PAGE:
Black maids and white children
The Help Kathryn Stockett (Penguin €10.55)
When I came across this book by an unknown author, I had no idea it would be such a gem, though the endorsement by Marian Keyes should have been a clue.
Once started, I couldn't put it down and, suddenly, it seemed like everyone was reading it. Friends here and abroad were raving about The Help; book clubs devouring it.
As a result this debut novel has been near the top of the bestseller lists here for weeks now, repeating the success it had when it first appeared in the US a year ago.
Set in the author's home town of Jackson, Mississippi, in the early 1960s, where black maids raise white children but aren't trusted not to steal the silver, it's not just the heat that is suffocating.
Bored white housewives, themselves in thrall to their rich husbands, frequent country clubs, dehumanise their maids and ostracise any white women who don't agree with their bigoted views.
Oblivious to the irony, they channel their energy into charity work for the poor children in Africa.
Against this background and that of the nascent, turbulent civil rights movement three colourful and strong women decide to buck the system.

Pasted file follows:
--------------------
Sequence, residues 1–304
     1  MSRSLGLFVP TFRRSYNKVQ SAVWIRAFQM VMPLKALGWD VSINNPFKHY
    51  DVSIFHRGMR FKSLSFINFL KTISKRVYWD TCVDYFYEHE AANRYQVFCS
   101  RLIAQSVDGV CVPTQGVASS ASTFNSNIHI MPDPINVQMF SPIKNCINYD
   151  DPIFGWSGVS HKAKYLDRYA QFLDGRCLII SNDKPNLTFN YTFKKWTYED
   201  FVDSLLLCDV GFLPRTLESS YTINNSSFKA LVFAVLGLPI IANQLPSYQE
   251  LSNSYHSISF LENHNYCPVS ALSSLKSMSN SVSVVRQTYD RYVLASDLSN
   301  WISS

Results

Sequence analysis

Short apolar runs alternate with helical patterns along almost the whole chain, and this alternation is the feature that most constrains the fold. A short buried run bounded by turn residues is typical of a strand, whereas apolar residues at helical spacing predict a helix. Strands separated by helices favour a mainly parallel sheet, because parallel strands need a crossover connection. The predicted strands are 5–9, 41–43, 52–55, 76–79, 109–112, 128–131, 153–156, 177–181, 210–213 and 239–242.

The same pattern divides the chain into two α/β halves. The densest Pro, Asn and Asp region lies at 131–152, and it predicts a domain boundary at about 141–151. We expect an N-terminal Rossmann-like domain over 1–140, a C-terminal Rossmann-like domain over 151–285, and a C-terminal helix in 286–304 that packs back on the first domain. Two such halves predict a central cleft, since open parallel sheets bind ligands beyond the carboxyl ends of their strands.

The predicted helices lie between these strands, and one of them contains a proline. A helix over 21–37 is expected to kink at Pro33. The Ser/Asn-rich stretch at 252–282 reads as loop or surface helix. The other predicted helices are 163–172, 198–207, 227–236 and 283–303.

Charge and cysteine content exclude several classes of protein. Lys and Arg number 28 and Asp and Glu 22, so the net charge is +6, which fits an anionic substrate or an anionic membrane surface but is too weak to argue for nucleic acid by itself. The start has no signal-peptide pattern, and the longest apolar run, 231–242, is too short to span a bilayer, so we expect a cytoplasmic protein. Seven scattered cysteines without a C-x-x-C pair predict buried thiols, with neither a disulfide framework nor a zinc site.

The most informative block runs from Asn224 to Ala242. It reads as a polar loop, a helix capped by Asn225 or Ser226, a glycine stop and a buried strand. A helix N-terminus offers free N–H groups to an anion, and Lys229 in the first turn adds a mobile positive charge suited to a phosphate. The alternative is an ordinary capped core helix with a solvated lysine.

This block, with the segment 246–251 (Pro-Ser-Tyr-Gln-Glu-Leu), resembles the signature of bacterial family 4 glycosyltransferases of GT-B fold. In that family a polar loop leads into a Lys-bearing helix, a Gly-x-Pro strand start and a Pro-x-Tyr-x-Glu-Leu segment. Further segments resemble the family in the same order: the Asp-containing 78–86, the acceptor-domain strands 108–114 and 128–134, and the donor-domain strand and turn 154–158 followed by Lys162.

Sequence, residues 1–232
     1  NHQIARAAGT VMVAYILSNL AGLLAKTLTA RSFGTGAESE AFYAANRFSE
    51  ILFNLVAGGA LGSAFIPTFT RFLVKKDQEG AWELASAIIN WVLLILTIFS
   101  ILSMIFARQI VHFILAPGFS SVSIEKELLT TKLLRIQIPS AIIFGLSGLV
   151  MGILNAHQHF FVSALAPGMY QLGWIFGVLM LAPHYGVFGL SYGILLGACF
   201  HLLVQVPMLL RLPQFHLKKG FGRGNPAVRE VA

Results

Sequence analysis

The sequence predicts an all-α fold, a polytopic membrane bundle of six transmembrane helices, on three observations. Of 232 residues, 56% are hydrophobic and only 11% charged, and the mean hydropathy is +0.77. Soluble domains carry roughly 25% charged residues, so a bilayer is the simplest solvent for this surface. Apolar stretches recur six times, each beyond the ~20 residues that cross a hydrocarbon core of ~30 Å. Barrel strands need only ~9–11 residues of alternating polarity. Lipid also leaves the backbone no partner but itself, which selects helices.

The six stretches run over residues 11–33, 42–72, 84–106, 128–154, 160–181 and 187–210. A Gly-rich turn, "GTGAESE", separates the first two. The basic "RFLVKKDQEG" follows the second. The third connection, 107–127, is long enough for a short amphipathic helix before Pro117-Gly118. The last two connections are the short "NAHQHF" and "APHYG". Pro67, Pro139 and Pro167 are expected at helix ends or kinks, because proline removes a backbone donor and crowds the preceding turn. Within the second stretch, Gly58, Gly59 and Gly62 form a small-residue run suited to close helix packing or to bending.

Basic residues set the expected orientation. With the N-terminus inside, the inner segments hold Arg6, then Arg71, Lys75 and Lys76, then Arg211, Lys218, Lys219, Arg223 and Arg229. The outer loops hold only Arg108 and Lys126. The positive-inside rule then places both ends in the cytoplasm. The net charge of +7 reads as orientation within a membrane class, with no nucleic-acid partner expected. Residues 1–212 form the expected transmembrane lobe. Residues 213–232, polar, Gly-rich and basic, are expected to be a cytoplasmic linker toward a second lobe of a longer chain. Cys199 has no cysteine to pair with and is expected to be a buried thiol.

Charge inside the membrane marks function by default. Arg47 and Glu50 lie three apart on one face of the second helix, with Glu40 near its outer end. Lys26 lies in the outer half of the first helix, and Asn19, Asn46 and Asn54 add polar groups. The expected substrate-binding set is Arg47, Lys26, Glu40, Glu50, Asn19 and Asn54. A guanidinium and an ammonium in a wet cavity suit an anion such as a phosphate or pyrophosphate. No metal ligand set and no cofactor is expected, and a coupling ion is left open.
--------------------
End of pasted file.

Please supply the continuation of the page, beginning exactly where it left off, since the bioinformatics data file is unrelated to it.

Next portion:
Aibileen, who is bringing up her 17th white child, has learned to keep her mouth shut and tries to protect the child from her distant mother. Her friend Minny is the best cook in town but is repeatedly sacked for answering back, leaving her family near destitute.
Lastly, Skeeter is a visionary being cold-shouldered for her views by the friends she grew up with, led by uber bitch Hilly.
Defying her own heritage, Skeeter begins a dangerous collaboration with the maids on a book about their experiences working for Skeeter's friends -- a project which threatens not just the maids and Skeeter but the cosy status quo of the pampered and self-satisfied doyennes of the Deep South.
Beautifully written, with engaging, empathetic characters, The Help shows the civil rights movement from the women's point of view. It is at times deeply disturbing, funny and warm.
Readers will be disgusted by the vile Hilly and feel for the white-trash Celia who has married into the elevated society but will never be accepted by them.
Mostly, they will cheer for the heroines, Aibileen, Minny and Skeeter, who make Kathryn Stockett's first novel so memorable.